The court appointed Dunayer, Dobbs, and Beasley (who still owned their vehicles) to represent the "all original purchasers" class. The court appointed plaintiff Sheldon (who no longer owns his vehicle) to represent the "paid repaint" class. The trial court's order also adopted and incorporated plaintiffs' proposed trial plan in its entirety. It is from this order that Ford now appeals.
In the early 1980s, Ford removed spray primer from its paint process as a cost-saving measure. Before that time, Ford applied low-build electrocoat primer to sheet metal and then applied a spray primer before adding the enamel topcoat. Under the new process, Ford replaced low-build electrocoat and spray primer with medium-or high-build electrocoat primer and then applied the topcoat directly to the electrocoat.
The new process was adopted for F-Series Trucks, Broncos, Bronco IIs, Rangers, and Mustangs.
The plaintiffs, who purchased various Ford vehicles, argue that because electrocoat is not weather-resistant, removing the primer from the paint process caused the paint on many vehicles to delaminate. When exposed to ultraviolet sunlight, the enamel paint coat could separate from the vehicle's metal surface within 18 to 36 months. The details of the plaintiffs' vehicles are as follows:
Plaintiff Vehicle Sale Date First noticed peeling after sale date
Barry Sheldon 1987 Ford Ranger January 1987 18-22 months William Dobbs 1990 F-150 February 1990 4 years Margaret Dunayer 1990 F-150 December 1990 17-18 months James Beasley 1990 Bronco January 1990 4 years
The circumstances under which the four vehicles were painted varied extensively. The vehicles were painted with different color topcoats, with different kinds of high-build electrocoat primer, at different assembly plants that used different paint application systems, and at different times.
In addition, each of the four vehicles was exposed to varying environmental conditions. Sheldon regularly drove his vehicle on gravel and dirt roads. Sheldon also admitted to washing his truck with a plastic scrubber. Before this suit was filed, Sheldon had his truck repainted. However, in November of 1993, Sheldon's truck was totaled in a car accident and disposed of before it could have been inspected for the purposes of this lawsuit.
Ford's paint expert inspected Dunayer's truck and concluded that the paint was suffering from the effects of acid-rain damage and stone chipping. Dobbs first noticed paint peeling off of his truck after a hailstorm. His vehicle had been exposed to hail on at least three or four occasions and had accumulated nearly 50,000 miles. Similarly, Beasley's vehicle began to peel after it had accumulated 50-60,000 miles. However, the peeling only occurred on the hood of the vehicle. Ford's paint expert concluded the damage was caused by cold water repeatedly hitting the hot surface of the vehicle's hood.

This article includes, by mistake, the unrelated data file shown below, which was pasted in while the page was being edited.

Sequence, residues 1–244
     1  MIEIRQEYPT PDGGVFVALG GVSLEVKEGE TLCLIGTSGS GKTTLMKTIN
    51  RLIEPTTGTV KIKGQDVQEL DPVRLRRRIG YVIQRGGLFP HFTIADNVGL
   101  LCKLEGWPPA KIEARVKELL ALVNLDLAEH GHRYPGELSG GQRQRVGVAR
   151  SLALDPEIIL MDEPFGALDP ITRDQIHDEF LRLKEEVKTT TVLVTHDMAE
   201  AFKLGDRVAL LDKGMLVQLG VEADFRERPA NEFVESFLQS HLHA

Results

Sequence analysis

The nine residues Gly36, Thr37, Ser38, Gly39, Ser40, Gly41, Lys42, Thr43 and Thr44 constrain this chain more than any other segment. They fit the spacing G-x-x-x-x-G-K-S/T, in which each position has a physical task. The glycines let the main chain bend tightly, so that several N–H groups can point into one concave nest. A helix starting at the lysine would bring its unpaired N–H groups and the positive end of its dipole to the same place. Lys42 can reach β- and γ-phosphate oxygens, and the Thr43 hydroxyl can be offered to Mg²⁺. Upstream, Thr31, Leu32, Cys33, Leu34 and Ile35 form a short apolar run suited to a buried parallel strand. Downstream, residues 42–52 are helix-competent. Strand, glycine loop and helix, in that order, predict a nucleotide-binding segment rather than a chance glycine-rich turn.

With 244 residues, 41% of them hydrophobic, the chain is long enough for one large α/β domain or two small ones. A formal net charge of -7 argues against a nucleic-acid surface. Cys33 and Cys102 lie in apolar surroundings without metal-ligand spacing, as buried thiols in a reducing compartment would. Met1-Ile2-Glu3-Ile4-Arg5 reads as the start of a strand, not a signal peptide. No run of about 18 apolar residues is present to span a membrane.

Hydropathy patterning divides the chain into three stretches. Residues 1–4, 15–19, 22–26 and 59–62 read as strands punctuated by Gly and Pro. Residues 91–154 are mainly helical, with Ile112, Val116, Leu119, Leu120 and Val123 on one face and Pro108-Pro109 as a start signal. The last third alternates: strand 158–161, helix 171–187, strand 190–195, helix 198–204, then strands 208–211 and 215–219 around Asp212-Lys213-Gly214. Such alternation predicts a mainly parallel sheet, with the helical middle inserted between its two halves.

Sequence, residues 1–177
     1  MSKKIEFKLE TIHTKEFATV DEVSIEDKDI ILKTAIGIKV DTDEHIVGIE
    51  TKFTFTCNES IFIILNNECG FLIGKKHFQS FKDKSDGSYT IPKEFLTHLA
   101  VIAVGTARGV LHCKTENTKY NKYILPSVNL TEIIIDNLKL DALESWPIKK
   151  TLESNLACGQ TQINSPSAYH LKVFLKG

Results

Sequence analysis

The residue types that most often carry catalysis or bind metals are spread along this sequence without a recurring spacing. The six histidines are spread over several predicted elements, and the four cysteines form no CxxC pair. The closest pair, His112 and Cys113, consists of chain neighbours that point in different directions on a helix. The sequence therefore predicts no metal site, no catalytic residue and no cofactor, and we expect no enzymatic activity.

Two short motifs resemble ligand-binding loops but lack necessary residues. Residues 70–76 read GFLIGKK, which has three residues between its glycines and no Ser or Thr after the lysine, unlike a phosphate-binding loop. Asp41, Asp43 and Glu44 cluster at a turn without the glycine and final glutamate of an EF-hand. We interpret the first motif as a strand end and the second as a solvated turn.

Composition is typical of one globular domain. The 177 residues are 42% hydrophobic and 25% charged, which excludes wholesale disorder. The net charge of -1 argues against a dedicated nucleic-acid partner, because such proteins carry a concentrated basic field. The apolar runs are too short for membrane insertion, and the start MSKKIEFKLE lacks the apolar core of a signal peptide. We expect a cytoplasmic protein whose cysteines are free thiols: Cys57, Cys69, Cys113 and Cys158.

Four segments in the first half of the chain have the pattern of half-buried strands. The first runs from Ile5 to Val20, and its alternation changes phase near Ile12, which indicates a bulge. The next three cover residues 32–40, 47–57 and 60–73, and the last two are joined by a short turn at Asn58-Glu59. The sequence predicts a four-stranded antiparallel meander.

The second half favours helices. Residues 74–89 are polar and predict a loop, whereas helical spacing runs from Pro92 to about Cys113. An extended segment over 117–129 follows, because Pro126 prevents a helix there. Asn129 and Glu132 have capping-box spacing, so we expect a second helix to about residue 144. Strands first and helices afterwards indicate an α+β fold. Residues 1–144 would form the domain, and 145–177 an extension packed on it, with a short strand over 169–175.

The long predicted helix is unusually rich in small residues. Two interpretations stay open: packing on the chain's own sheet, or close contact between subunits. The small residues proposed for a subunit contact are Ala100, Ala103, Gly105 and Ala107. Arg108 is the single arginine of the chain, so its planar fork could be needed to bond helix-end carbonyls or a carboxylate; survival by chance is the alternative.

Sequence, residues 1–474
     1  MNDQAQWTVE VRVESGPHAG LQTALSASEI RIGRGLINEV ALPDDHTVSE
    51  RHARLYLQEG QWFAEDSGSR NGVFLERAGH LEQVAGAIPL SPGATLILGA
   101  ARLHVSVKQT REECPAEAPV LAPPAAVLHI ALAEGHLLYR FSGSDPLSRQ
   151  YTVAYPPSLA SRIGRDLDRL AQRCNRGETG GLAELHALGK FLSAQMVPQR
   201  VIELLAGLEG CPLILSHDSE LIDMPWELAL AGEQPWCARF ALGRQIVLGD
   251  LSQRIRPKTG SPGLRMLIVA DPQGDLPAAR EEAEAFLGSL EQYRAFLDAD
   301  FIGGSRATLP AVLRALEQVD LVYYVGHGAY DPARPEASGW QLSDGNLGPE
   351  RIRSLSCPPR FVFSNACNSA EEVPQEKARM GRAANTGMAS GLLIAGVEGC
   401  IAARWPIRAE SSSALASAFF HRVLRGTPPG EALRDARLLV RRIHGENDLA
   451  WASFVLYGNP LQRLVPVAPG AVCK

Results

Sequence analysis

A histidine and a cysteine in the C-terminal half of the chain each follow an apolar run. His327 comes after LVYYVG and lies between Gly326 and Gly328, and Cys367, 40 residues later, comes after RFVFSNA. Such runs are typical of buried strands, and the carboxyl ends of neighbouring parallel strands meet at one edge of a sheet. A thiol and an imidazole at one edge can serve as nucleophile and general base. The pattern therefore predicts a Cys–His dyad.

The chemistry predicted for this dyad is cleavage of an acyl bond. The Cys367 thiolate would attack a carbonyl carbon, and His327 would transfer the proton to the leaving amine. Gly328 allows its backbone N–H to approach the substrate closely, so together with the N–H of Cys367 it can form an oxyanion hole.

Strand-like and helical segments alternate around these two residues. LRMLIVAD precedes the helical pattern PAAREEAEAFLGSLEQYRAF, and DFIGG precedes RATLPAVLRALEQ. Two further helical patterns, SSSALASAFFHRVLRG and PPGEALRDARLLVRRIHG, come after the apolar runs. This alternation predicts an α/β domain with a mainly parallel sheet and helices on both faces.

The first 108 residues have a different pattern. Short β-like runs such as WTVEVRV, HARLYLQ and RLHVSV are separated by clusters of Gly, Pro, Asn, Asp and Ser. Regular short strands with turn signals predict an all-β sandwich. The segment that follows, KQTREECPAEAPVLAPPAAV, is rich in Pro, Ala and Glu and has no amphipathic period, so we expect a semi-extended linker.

Both Ford and the plaintiffs' paint experts agree that environmental factors and differences in paint application processes all contribute to how vulnerable a vehicle's paint will be to peeling from exposure to sunlight. In addition, the paint experts described other potential causes of paint peeling including: dirt particles in the paint, oil present on the vehicles before some of the layers were applied, variations in the paint materials used, variations in the manufacturing process (including oven temperatures), variations in environmental factors (including acid-rain exposure and excessive industrial chemical fall-out), and variations in how the vehicles were treated by the owners of the vehicles ( i.e., waxing and washing.)
The trial court found the following questions of law or fact were common to each class:
(1) Was the paint process used on the vehicles defective because it lacked spray primer?
(2) Did Ford know the paint process was defective because it did not contain spray primer?
(3) When did Ford know that the paint process was defective because it did not contain spray primer?
(4) Did Ford disclose that its paint process was defective?
(5) When did Ford disclose that its paint process was defective?
(6) Did Ford have a duty to disclose the defect?
(7) Does the discovery rule apply to Plaintiffs' claims? and